‘Gender atypical’ subject selection: Statistics

There are predictions of worldwide shortages in graduates from STEM courses, yet only 6.6 per cent of Australian girls studied advanced mathematics in 2013, half the rate of boys. Even worse, in NSW, only 1.5 per cent of girls took advanced mathematics, physics and chemistry. Girls’ schools, however, are bucking the trend, with girls choosing to take mathematics, technology and advanced mathematics and physical science combinations at rates far higher than the national average.

• A 2017 report by Monash University academics Helen Forgasz and Gilah Leder found that girls attending single-sex schools in Victoria were significantly more likely to study chemistry (27.6% vs 15.4%) and intermediate mathematics (Mathematical Methods) than girls in co-ed schools (36.3% vs 21.6%). They were also more likely to study advanced mathematics (Specialist Mathematics) (8.9% vs 4.8%) and physics than girls in co-ed schools (7.5% vs 5.1%).

• In fact, Forgasz and Leder’s study found that girls at single-sex girls were equally as likely as boys at single-sex schools (27.6% vs 27.0%) and more likely than boys from co-ed schools (20.1%) to study chemistry, and girls at single-sex girls were equally as likely as boys at co-ed schools to study intermediate mathematics (36.3% vs 36.2%).

• A 2015 article by Julie Fisher and Helen Forgasz of Monash University and Catherine Lang of La Trobe University stated that their four-year research project into all-girl IT classes at seven co-educational and three girls’ schools found that girls feel more confident taking information technology (IT) classes in single-sex environments. Although girls were not asked about the all-girl environment, 45% made a specific positive comment unprompted, while five of the seven teachers from co-educational schools “commented on the value of the all-girl class”.

• These findings are borne out in girls’ schools where IT and computer coding, robotics, electronics, app design and text-based programming are embedded into the curriculum.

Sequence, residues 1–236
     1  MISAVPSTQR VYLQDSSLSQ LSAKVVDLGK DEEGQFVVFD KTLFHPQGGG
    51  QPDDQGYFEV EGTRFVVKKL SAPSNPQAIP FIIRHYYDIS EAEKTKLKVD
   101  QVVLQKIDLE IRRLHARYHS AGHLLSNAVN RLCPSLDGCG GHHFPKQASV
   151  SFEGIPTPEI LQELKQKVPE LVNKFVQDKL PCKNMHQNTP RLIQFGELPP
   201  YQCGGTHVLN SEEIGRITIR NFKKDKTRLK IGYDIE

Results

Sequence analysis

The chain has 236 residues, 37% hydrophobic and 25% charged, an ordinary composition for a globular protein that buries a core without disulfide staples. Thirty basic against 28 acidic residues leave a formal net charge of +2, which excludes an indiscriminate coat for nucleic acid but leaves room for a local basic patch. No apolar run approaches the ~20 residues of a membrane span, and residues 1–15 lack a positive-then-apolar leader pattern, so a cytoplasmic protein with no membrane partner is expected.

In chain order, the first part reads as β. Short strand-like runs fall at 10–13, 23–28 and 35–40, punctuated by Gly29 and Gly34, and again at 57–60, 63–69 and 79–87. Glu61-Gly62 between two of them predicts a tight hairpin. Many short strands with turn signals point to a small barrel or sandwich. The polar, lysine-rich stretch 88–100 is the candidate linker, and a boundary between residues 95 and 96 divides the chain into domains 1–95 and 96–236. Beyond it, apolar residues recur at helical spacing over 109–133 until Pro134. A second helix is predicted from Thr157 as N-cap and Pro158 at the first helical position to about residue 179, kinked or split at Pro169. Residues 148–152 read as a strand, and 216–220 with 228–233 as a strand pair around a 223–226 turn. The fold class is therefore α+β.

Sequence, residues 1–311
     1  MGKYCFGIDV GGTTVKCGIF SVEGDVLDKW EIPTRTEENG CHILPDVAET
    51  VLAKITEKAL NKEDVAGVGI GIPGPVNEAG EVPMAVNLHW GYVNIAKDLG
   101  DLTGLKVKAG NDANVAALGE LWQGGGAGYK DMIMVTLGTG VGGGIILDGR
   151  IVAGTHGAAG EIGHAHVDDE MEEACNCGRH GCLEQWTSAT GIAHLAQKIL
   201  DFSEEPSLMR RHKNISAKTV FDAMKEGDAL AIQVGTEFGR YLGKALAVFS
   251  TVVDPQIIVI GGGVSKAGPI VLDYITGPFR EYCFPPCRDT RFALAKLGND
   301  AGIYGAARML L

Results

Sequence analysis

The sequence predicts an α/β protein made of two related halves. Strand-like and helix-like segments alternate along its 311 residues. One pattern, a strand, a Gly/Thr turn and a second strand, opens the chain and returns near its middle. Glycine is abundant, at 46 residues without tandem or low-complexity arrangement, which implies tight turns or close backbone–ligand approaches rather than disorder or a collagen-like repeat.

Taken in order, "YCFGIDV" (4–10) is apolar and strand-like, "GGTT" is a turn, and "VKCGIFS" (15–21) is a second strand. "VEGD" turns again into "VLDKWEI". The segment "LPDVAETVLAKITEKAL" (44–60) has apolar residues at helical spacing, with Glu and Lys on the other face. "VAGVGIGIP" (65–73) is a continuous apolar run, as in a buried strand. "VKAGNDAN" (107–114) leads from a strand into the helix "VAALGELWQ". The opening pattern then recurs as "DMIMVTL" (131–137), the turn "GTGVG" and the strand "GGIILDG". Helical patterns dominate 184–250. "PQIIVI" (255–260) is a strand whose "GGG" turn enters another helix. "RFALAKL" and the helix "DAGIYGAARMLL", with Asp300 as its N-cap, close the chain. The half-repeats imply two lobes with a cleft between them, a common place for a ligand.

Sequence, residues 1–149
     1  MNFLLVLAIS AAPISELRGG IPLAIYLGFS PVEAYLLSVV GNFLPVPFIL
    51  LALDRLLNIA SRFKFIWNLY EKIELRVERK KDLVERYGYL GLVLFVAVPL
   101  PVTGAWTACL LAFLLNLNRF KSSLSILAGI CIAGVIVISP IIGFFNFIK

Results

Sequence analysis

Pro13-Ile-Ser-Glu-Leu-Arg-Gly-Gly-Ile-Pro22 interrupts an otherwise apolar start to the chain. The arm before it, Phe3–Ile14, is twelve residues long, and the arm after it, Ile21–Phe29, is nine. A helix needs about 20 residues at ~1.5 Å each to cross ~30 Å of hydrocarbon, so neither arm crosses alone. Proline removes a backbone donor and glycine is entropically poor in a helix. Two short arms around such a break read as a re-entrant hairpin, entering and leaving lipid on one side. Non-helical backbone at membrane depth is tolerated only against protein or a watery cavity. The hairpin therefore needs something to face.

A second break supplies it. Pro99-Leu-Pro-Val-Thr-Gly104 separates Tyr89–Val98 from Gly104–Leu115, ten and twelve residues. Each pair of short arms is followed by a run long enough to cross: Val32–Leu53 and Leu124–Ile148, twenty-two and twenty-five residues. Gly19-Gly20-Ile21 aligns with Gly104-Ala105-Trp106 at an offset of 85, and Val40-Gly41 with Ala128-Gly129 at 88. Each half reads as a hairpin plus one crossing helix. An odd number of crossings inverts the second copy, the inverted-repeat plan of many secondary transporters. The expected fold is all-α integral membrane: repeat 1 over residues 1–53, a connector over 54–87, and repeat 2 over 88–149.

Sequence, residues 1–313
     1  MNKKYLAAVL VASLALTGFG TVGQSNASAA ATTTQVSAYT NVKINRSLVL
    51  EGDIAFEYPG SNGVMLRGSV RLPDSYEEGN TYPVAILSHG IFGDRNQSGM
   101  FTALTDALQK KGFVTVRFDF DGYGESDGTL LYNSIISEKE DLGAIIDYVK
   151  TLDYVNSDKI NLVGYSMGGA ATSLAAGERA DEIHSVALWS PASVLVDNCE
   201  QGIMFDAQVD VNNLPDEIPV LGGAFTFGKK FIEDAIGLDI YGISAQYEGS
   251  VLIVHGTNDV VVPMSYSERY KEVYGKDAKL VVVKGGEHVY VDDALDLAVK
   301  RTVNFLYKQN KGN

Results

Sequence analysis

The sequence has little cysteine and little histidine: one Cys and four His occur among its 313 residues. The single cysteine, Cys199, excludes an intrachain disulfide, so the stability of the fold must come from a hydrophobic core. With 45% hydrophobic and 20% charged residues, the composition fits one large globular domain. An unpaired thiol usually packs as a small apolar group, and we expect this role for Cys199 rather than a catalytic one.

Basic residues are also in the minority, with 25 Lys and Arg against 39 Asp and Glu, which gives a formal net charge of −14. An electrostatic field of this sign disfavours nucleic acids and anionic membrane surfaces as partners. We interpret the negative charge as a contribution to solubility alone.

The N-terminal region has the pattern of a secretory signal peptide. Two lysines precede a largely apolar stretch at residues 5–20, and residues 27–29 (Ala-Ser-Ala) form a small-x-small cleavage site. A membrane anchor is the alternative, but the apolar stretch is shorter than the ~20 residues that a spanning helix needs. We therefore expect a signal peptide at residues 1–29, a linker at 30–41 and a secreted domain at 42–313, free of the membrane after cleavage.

• In 2010, Tully and Jacobs noted that 22% of female students in New South Wales attended a single-sex school, but 40% of female engineering students at the University of Technology in Sydney were from girls’ secondary schools (pp. 458, 463). They concluded that the “culture of a single gender school may provide a unique socialisation process, which allows a young woman the freedom to reach beyond stereotypical career expectations” (p. 463).

• In 2013, Rudolf Eliott Lockhart, Head of Research for the UK’s Independent Schools Council, presented research showing that in 2012, girls from Girls’ Schools Association (GSA) schools in the UK constituted only 5% of girls taking A-levels but comprised 15.9% of girls doing Further Maths, 13.4% of girls doing Physics and 8.9% of girls doing Chemistry. Furthermore, Lockhart’s research showed that girls from GSA schools were awarded:

  • 25.9% of all Physics A* grades awarded to girls,
  • 24.7% of all Further Maths A* grades awarded to girls, and
  • 19.8% of all Chemistry A* grades awarded to girls.

• In 2012, the Institute of Physics (UK) published the It’s Different for Girls report which found that 49% of all government co-ed schools did not have a single female student taking A-level physics (p. 12) and that girls attending independent single-sex schools were four times more likely to take A-level physics than girls in government co-ed schools (p. 15). In fact, 7.2% of girls in single-sex independent schools took A-level physics in 2011 compared with 4.9% of girls in co-ed independent schools, 4.3% of girls in single-sex government schools and 1.8% of girls in co-ed government schools (p. 15).